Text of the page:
Dr Sam Bowker

Remixing the Ramayana: Literary listening and the curation of contemporary song cycles

View recording of Sam’s presentation here.

Listening is enhanced by a sense of purpose. Over almost twenty years, the author created annual compilations of music encountered during that year. These playlists were circulated as both journals and introductions to new music. In recent years, the ‘playlist’ evolved into a ‘song cycle’, in which collected samples are arranged or manipulated into reinterpretations of well- established literary narratives (including Valmiki’s Ramayana and Dante’s Divine Comedy). These have demonstrated that the literary epic narrative remains a valuable vehicle for collecting, isolating and re-purposing the audible ‘found objects’ of the anthropocene, as well as guiding long-term reflective listening practices. As an extension of remix cultures, these contemporary song cycles are incidentally encountered and collaboratively sourced across a long-term research process. They enable the listener to form vivid and idiosyncratic engagements with the creative depth of the humanities. Just as “the words of the prophets are written on the subway walls”, the epic Ramayana echoes along the aisles of supermarkets, the soundtracks of video games, and down the cavernous labyrinths of Youtube.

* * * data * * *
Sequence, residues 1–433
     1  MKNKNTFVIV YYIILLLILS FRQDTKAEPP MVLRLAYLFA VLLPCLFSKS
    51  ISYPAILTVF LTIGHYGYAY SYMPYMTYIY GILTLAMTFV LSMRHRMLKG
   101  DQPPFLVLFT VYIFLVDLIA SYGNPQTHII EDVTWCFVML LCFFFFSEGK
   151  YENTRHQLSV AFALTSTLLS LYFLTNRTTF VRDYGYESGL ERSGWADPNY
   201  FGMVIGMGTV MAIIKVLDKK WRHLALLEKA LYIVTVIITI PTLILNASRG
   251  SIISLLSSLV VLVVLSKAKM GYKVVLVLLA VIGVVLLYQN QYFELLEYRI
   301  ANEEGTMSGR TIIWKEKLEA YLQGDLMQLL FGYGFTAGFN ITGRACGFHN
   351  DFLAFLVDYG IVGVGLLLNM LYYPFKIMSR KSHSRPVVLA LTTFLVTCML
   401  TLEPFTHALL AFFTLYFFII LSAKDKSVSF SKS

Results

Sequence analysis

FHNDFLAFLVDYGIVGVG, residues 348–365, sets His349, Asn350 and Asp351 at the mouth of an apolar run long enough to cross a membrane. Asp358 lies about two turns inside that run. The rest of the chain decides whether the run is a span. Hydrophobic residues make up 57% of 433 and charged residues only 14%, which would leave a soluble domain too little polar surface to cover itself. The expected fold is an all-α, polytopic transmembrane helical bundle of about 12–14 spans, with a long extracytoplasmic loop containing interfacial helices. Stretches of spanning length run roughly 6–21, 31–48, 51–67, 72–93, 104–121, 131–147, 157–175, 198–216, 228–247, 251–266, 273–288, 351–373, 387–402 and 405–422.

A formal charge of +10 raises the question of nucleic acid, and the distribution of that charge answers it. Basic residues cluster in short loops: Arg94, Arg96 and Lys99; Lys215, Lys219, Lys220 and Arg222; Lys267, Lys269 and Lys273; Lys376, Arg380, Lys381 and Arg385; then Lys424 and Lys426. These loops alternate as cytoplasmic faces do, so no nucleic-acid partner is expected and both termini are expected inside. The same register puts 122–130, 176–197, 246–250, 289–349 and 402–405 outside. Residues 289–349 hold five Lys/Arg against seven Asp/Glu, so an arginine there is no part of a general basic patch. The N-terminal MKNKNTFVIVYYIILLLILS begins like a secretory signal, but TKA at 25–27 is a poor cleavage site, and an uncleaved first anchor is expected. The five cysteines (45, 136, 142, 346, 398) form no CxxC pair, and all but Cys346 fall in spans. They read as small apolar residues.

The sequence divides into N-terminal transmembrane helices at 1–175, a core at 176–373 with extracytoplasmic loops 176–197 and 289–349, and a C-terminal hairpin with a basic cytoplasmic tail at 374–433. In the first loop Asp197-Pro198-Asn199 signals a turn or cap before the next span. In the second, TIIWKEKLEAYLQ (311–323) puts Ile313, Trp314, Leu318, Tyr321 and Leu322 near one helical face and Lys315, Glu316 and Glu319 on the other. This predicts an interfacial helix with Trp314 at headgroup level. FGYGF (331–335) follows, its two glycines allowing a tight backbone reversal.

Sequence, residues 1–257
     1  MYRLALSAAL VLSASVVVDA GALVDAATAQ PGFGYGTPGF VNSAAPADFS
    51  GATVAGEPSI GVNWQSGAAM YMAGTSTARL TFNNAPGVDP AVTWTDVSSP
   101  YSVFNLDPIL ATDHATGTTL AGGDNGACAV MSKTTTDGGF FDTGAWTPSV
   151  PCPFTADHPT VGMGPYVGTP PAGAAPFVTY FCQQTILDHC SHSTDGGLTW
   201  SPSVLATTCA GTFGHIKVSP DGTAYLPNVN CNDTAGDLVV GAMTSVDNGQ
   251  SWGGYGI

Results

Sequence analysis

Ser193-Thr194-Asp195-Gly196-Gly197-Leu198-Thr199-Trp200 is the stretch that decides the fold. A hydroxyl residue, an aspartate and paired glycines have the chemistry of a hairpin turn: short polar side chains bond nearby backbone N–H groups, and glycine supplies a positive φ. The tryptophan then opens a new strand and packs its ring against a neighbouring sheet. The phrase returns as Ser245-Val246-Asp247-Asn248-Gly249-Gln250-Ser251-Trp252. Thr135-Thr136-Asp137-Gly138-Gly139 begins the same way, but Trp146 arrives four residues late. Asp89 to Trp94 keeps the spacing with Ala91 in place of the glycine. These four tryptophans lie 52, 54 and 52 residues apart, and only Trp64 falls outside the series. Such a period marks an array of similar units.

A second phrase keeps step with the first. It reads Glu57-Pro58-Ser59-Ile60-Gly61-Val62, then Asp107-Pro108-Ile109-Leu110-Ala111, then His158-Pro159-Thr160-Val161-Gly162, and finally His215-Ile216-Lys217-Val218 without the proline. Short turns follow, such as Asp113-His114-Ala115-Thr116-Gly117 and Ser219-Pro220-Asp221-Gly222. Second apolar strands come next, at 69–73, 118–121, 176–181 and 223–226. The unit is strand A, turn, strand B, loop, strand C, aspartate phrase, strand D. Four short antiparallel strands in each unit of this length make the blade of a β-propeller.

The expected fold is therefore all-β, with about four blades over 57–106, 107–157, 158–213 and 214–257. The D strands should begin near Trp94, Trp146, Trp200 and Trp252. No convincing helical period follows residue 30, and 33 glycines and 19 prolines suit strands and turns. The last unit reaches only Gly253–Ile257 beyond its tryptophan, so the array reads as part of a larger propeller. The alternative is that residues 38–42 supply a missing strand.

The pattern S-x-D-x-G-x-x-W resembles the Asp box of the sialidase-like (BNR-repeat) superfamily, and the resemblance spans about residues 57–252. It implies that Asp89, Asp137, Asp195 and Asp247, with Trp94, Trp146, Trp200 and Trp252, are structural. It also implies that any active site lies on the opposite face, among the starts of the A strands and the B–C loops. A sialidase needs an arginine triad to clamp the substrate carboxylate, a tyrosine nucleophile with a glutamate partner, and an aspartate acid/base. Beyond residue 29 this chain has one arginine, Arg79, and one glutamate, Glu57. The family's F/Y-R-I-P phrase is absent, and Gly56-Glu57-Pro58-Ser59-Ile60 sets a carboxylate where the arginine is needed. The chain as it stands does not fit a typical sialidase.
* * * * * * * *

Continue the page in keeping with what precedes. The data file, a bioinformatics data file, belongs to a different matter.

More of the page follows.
Ramayana: Full Sequence (2018):

Dante’s Divine Compilation (2019):

Aladdjinn (or, “I can’t believe it’s not Faust!”) (2020):

Dr Sam Bowker is the Senior Lecturer in Art History and Visual Culture for Charles Sturt University.

His research focuses upon the history of Egyptian Tentmaker Appliqué or ‘Khayamiya’. Co-authored with Seif El Rashidi, this has been published as the book The Tentmakers of Cairo: Egypt’s Medieval and Modern Applique Craft through the American University in Cairo Press (2018). He is also a curator and educator across diverse fields in art history, notably Islamic art and design from Australian perspectives.

His work before academia was focused on museum and gallery education (or ‘learning and access’) for Australian cultural institutions, including the National Portrait Gallery, National Museum of Australia, and National Library of Australia.

Scroll to Top